What is the tone of ‘From time to time?’ 

The tone of this poem is peaceful and contemplative. The poem invites readers to quietly observe nature and appreciate its ephemeral beauty as it unfolds in front of them.

Similar Poetry

Readers who enjoyed this poem should also consider reading other Matsu Bashō poems. For example:

  • In Kyoto – expresses a deep sense of longing and nostalgia for the city of Kyoto.
  • The Old Pond‘ – is one of the best-known Japanese haiku of all time.
  • Autumn moonlight‘ – is a traditional haiku about the seasons.

Poetry+ Review Corner

From time to time

Enhance your understanding of the poem's key elements with our exclusive review and critical analysis. Join Poetry+ to unlock this valuable content.

Matsuo Bashō

This Bashō poem demonstrates the poet's mastery of the haiku form by capturing the natural world in a way that exemplifies his appreciation of it. 'From time to time' is highly recognised as one that the poet would have written, utilizing short phrases and direct, impactful language in order to depict nature in a way that is very memorable.
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17th Century

This is a poem of the 17th century, a time in which poets were experimenting with various themes and forms, hoping to convey their thoughts and emotions through imagery. This is seen very successfully in Bashō's poem, in which he exemplifies the period’s interest in nature.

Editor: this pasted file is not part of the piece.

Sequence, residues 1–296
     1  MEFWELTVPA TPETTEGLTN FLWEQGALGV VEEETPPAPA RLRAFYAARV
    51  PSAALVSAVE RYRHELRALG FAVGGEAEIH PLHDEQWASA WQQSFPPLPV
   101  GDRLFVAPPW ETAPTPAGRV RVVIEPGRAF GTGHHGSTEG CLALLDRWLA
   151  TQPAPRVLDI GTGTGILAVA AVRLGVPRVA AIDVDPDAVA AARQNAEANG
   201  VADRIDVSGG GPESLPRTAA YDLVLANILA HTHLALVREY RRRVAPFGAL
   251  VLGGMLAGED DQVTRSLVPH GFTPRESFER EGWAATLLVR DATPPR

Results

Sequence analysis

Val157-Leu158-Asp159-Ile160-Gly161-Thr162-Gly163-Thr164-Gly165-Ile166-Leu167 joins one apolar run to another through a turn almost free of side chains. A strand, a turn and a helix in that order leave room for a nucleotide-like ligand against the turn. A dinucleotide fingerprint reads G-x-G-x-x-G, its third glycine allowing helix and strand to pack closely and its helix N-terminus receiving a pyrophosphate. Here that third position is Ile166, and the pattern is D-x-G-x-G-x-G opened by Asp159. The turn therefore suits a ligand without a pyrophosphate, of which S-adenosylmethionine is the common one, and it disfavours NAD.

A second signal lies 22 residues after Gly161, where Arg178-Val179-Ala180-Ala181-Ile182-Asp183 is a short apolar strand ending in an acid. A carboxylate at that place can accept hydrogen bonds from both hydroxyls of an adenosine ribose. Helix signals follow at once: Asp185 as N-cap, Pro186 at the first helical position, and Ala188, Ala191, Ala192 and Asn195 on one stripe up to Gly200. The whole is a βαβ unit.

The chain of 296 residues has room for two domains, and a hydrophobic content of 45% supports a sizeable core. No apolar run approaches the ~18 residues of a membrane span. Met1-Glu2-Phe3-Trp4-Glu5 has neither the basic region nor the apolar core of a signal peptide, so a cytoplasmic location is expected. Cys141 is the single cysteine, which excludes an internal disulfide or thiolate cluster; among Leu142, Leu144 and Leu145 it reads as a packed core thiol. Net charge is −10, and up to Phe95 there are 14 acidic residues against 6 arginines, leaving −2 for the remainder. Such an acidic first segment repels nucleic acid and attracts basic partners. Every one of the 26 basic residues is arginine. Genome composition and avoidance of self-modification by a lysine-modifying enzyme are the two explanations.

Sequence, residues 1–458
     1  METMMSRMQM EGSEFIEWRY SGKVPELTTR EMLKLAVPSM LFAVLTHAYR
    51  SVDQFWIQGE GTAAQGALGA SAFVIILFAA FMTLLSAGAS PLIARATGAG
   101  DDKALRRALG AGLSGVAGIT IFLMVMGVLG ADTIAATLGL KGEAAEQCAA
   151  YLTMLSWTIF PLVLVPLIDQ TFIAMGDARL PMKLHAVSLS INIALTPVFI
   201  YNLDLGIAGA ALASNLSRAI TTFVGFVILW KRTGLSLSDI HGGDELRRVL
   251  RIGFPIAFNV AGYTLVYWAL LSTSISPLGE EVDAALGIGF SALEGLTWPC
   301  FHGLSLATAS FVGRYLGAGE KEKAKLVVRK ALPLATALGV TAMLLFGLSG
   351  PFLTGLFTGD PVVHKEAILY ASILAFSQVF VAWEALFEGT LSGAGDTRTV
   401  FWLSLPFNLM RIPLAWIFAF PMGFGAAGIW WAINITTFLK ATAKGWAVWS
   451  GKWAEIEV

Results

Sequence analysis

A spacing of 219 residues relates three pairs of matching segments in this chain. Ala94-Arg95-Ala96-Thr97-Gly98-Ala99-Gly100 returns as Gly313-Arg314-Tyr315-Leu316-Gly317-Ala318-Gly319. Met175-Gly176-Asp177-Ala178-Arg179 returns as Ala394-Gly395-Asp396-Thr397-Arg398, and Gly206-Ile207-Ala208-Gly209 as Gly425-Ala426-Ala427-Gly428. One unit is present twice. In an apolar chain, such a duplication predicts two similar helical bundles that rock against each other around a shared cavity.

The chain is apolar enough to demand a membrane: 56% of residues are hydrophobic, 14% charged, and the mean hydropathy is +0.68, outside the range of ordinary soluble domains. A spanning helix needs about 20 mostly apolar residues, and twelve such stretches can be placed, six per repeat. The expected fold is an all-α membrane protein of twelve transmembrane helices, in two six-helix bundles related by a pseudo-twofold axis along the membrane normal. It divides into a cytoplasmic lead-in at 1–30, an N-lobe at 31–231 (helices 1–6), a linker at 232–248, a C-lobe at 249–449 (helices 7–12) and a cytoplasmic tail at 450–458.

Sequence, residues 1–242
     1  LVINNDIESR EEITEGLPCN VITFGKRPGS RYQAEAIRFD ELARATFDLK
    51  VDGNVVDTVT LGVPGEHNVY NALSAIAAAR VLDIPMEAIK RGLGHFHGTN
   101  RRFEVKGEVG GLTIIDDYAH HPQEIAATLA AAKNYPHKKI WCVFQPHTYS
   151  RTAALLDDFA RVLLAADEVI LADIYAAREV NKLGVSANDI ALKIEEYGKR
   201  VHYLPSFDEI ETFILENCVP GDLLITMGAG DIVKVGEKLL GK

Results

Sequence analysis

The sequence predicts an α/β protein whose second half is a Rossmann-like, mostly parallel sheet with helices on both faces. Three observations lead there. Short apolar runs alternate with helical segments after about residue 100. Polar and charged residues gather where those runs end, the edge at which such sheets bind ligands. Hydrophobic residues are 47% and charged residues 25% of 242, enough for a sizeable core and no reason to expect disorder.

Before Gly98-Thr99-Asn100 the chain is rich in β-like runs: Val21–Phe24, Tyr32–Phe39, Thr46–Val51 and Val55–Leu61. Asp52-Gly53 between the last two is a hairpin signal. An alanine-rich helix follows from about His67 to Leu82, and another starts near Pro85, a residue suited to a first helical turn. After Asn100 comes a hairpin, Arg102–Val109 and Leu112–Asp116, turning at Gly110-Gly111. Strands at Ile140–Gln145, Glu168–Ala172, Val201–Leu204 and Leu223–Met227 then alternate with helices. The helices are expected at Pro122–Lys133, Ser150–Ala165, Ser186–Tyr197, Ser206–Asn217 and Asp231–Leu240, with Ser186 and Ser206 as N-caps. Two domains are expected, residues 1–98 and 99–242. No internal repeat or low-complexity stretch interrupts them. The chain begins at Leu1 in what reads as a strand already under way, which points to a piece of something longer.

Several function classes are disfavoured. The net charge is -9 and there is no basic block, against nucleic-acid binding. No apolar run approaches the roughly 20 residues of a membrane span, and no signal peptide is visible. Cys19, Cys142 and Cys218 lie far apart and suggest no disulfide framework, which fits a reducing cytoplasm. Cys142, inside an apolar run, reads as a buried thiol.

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Bashō's poem is firmly rooted in the tradition of Japanese poetry. Throughout history, Japanese poets have sought to capture the essence of nature, infusing their verses with a profound appreciation for the natural world. ‘From time to time’ aligns with the principles of Japanese poetry by emphasizing simplicity and observation. It reflects the rich literary heritage and aesthetic sensibilities that define Japanese poetic traditions.
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Beauty is an essential theme in this poem. It is seen through the poet's depiction of the sky, the moon, and the clouds. It celebrates the beauty found in nature, specifically in the dynamic relationship between the clouds and the moon.
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This poem, in some ways, represents a journey through life and its many ups and downs. The concept of a journey is often present in Bashō's poetry. His works often evoke a sense of movement, both physical and spiritual, as the poet navigates landscapes and explores the depths of human experience.
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Nature is another very important theme in this poem that is seen throughout all of the poet's works. From the first line to the last, readers can envision a specific image in the natural world as well as what their reaction to it would be.